Glad to see you guys are communicating.
I feel that a lot of the relations between myself and others, and my wife's relations with others, have helped us build our own relationship. I very much empathize there, and an excited to see it.
I do want to add a tidbit from my perspective as a male about looks and beauty. My tastes evolve. Or more specifically, I don't have "tastes", I have many.
I've found the most gorgeous ladies. Beautiful slender bodies, bright eyes, beautiful hair, nice faces, et cetera. And then I've talked to them and they're immature, or stuck up or whatever on the list of things I don't like. And I find them less attractive.
The opposite is true as well. I've met people who I wouldn't ever have found attractive if I judged by their bodies alone. And yet, as I get to know them and like them, they become more and more attractive to me. In fact, I think my wife was one of these cases. I think I found her to be a really amazing friend before I stared thinking she was hot.
Working on your own "attractiveness" is kind of a subjective thing, and attempts to address it from a physical perspective might as well turn "other guys" off as turn "new guys on".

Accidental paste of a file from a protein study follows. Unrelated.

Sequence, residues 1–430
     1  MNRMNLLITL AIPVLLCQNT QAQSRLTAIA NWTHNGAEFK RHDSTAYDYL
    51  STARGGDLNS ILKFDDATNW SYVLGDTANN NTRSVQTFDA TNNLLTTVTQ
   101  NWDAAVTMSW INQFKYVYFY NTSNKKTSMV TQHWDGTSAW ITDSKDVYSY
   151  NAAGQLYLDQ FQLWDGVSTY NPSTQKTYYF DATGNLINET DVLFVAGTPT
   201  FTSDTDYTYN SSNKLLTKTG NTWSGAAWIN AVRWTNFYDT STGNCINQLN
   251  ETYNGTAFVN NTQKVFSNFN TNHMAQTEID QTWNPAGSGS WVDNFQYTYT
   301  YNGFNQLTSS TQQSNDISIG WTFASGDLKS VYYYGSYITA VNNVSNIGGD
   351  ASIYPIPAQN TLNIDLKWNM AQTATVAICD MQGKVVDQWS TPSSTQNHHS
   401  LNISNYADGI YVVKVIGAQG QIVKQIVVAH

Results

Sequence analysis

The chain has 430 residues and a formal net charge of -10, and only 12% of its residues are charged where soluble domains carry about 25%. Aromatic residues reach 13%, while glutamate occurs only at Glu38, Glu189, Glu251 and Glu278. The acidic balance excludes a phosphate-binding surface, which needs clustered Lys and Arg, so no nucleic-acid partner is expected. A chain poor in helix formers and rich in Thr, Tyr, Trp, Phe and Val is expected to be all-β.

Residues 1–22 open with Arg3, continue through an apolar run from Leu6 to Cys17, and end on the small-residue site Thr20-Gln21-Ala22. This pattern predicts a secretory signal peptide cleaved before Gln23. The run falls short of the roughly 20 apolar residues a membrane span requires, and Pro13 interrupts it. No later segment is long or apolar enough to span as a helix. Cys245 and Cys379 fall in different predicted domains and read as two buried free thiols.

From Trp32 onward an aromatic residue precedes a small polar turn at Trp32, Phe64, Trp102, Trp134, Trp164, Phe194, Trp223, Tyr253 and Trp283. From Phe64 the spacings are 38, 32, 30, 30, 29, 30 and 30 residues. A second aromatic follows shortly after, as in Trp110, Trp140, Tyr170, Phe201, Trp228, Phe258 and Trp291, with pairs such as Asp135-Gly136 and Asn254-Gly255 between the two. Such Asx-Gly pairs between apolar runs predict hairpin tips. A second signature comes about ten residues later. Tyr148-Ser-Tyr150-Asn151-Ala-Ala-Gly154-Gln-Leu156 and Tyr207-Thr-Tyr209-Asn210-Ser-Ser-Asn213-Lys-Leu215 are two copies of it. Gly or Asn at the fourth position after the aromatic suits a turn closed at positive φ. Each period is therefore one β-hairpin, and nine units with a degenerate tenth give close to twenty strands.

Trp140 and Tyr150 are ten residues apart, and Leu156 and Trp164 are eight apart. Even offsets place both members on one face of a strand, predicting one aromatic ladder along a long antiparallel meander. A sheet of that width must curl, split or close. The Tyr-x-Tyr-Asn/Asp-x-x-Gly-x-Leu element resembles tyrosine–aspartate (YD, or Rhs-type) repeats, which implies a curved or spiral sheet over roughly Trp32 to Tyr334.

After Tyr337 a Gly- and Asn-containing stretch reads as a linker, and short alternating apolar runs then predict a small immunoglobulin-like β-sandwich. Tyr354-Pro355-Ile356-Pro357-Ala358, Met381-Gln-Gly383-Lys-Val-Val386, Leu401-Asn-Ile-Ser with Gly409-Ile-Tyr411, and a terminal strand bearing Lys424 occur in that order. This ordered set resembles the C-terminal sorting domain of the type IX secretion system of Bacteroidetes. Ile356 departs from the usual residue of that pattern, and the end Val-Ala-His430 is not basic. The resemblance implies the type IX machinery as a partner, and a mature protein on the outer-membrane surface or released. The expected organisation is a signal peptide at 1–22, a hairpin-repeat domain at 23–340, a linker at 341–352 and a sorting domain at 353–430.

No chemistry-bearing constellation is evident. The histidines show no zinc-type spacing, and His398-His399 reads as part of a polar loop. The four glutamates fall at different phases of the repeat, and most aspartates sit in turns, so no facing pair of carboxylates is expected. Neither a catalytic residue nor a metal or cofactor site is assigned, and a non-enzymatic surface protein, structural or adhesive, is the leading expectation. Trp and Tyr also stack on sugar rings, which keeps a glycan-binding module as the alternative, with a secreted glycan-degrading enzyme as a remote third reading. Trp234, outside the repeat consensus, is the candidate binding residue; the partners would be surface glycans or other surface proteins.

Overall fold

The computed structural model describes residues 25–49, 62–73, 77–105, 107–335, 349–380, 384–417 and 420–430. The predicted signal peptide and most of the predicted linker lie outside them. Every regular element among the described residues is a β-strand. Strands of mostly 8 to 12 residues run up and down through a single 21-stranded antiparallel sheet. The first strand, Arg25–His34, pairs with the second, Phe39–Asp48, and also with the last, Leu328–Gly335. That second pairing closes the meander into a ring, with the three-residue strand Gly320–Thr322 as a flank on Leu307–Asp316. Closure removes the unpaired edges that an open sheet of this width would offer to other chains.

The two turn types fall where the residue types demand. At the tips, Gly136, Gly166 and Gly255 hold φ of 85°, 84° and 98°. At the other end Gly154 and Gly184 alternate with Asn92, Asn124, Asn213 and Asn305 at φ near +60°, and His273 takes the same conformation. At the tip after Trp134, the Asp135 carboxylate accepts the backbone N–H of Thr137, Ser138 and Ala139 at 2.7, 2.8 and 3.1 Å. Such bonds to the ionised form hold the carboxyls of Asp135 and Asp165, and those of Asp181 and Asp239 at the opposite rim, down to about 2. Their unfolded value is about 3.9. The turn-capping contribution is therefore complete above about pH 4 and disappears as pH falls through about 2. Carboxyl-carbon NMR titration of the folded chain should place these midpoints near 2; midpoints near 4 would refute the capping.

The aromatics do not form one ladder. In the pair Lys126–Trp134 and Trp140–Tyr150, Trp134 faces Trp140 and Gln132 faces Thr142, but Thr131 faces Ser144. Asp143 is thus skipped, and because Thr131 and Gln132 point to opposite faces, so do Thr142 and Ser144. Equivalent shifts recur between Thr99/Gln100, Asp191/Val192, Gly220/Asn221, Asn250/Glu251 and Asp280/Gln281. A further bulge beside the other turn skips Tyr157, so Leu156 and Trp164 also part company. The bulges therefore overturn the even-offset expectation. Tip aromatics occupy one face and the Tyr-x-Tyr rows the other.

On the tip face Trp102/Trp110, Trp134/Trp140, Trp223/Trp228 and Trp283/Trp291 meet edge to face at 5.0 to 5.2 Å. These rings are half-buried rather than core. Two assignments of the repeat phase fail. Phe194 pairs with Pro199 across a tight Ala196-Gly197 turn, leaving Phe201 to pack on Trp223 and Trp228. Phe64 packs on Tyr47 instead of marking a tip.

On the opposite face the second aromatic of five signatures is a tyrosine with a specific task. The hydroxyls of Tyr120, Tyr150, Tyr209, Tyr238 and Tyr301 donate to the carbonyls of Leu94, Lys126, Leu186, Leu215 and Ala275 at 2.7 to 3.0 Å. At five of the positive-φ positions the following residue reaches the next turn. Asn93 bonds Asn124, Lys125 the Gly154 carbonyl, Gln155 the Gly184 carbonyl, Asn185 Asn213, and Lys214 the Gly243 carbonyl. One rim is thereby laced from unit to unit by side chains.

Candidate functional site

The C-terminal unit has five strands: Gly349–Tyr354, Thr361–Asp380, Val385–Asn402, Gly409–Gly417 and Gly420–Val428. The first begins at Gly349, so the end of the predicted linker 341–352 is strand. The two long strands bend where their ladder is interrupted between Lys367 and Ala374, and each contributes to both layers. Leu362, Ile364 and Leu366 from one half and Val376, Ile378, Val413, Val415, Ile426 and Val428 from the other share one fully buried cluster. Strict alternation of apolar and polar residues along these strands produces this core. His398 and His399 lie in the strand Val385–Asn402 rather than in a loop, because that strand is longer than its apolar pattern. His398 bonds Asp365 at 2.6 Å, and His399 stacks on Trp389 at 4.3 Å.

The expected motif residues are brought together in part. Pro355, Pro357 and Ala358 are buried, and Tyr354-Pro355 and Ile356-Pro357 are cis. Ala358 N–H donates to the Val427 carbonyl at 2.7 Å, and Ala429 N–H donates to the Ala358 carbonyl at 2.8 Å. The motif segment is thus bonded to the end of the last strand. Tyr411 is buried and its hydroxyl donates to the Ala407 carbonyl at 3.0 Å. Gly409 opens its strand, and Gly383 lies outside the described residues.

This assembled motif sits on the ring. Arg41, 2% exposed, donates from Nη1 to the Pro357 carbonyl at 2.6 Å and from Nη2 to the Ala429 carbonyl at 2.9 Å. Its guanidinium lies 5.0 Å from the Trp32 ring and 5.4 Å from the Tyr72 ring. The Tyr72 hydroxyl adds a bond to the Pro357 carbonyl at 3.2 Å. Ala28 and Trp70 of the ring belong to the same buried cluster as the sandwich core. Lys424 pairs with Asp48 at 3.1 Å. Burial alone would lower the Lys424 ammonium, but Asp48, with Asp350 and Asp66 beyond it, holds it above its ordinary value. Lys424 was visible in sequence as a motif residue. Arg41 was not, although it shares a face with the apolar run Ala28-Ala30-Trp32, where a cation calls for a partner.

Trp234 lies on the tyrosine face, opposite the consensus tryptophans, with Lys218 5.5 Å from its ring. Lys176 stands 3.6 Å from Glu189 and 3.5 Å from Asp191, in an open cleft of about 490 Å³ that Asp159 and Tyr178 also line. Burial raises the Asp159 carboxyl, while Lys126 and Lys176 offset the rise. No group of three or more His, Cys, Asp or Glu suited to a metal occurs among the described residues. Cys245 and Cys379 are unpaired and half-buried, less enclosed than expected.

To me, a "plain" looking woman who walks into a room confidantly and isn't afraid to strike up conversations is far more likely to get me thinking she's attractive than a model who seems afraid to chat with me.
I know sometimes it's hard to feel confidant enough to do that. I had severe body image issues for years, and while I'm more or less past them now, they creep up now and then. Enough that I felt a little nervous but DID participate in a nude, non-sexual event with about 15 friends over New Year's Eve. So I've been on opposite sides of that spectrum and know how it feels to have both perspectives. It can very much be done and makeup and clothing are a tiny, tiny part of it.